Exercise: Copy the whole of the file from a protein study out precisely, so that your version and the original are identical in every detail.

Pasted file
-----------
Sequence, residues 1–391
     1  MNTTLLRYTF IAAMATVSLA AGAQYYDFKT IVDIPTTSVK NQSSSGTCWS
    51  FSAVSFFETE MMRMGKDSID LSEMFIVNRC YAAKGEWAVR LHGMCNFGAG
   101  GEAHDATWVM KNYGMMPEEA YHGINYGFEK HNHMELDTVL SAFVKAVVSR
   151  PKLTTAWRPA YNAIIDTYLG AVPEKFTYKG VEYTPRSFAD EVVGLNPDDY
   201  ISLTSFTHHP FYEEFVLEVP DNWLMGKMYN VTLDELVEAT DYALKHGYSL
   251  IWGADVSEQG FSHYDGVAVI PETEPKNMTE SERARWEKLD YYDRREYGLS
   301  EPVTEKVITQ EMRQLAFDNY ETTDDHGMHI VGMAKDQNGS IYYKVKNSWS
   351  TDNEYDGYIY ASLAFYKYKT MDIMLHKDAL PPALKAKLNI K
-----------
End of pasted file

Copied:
Sequence, residues 1–391
     1  MNTTLLRYTF IAAMATVSLA AGAQYYDFKT IVDIPTTSVK NQSSSGTCWS
    51  FSAVSFFETE MMRMGKDSID LSEMFIVNRC YAAKGEWAVR LHGMCNFGAG
   101  GEAHDATWVM KNYGMMPEEA YHGINYGFEK HNHMELDTVL SAFVKAVVSR
   151  PKLTTAWRPA YNAIIDTYLG AVPEKFTYKG VEYTPRSFAD EVVGLNPDDY
   201  ISLTSFTHHP FYEEFVLEVP DNWLMGKMYN VTLDELVEAT DYALKHGYSL
   251  IWGADVSEQG FSHYDGVAVI PETEPKNMTE SERARWEKLD YYDRREYGLS
   301  EPVTEKVITQ EMRQLAFDNY ETTDDHGMHI VGMAKDQNGS IYYKVKNSWS
   351  TDNEYDGYIY ASLAFYKYKT MDIMLHKDAL PPALKAKLNI K